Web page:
"unless the defendant, Margaret E. Taylor, shall perfect her appeal from this decree, which is prayed by her in open court and allowed, by giving a supersedeas bond in the penal sum of $1,000."

The decree was filed on May 28, 1907. On June 3, 1907, an appeal bond was filed, but, in accordance with the rules, under ordinary conditions, was not printed in the transcript of the record sent to the Court of Appeals. The record was filed in that court on July 17, 1907. On February 12, 1908, the plaintiff Leesnitzer filed a motion that the appeal be dismissed, because (1) Elizabeth E. Padgett, an heir and one of the defendants,

"has not been joined either as an appellee or appellant or as a party hereto; (2) that there has been no summons and severance, or service of notification of appeal upon said Elizabeth E. Padgett. Edmund Burke, solicitor for appellee."

This motion was granted, on the ground that Mrs. Padgett was not made a party to the appeal.

Thereupon the appellant moved to modify the decree by allowing the appellant to correct her appeal by citing the omitted parties, and for such further proceedings as might be necessary to a decision of the cause upon its merits. The court held that as Mrs. Padgett had admitted the allegations of the bill, and had arrayed herself

Page 220 U. S. 92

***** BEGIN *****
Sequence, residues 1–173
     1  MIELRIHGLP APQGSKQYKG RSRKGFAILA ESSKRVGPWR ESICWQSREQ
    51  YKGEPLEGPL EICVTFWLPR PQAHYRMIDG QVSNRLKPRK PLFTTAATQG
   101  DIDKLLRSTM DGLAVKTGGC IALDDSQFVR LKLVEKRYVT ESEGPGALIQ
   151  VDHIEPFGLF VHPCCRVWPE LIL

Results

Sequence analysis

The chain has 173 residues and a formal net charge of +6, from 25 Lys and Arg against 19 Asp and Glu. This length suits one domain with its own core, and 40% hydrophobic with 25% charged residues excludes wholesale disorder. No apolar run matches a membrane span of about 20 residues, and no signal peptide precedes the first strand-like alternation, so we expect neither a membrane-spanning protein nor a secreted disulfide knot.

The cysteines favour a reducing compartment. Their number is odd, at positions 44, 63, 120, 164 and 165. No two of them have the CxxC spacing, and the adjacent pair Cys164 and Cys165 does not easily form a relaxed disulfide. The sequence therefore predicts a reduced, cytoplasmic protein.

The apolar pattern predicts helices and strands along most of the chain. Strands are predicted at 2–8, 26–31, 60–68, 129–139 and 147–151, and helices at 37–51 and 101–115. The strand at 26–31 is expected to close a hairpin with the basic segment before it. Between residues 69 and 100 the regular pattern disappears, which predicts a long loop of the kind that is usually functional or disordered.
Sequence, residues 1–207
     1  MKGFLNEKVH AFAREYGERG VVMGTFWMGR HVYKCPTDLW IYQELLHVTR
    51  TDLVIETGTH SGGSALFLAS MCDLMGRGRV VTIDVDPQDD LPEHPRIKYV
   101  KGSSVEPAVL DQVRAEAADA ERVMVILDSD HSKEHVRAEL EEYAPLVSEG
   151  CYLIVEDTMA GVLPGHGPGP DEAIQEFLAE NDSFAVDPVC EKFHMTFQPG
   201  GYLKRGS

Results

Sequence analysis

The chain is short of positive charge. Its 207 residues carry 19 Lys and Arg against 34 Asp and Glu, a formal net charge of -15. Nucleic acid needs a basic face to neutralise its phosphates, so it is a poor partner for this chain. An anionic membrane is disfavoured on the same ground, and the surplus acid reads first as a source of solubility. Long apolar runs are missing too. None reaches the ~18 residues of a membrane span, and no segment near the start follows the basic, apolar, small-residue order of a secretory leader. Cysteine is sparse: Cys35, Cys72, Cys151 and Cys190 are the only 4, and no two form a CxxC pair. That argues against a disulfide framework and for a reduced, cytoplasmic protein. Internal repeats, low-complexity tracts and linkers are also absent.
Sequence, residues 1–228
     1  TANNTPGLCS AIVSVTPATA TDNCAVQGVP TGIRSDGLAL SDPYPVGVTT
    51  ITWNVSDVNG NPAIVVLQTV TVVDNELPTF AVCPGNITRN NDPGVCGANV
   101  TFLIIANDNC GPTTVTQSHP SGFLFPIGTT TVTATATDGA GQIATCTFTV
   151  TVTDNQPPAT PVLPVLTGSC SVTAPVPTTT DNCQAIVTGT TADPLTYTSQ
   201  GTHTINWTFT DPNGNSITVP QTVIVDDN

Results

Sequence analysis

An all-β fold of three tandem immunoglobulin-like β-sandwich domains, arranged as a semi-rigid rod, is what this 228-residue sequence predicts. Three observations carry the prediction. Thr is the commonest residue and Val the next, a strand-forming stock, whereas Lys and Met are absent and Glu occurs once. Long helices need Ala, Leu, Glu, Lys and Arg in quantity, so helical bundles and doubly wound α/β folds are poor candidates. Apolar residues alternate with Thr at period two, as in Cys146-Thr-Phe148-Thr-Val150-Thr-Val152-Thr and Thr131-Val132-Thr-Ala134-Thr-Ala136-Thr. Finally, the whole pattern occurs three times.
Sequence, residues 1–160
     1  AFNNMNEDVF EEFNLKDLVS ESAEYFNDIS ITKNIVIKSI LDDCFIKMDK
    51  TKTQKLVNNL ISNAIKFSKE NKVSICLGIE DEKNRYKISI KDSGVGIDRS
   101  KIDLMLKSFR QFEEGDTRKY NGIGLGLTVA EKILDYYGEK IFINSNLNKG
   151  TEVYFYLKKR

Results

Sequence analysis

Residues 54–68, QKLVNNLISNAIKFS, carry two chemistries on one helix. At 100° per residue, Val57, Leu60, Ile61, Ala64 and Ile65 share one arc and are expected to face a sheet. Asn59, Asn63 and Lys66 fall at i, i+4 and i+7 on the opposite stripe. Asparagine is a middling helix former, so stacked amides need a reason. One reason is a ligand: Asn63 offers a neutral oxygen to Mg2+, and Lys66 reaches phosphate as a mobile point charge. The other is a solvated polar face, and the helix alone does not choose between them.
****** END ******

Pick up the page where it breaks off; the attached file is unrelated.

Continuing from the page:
on the plaintiff's side, and as she had got all that she could expect by the decree, the appellant did not need to obtain a severance, but that the appeal should have been taken against her as well as against the plaintiff, and that the supersedeas bond should have run to both, which "an inspection of the bond in office of the clerk below" showed not to have been the case. It was objected that the court could not look beyond the record before it, which, as we have indicated, contained only a memorandum that a bond had been filed. But the record was entitled, "Margaret E. Taylor, etc. v. Mary J. Leesnitzer," until within a few days before the case was called for hearing, when the appellant ex parte caused the cover of the printed record to be changed so as to name also Elizabeth E. Padgett and Franklin Padgett as appellees. It was said that if the court should confine itself to the record, the presumption was that the title of the appeal followed the obligation of the bond. On this ground, the court, with expressions of regret, considered itself not at liberty to entertain a motion for leave to file an additional bond.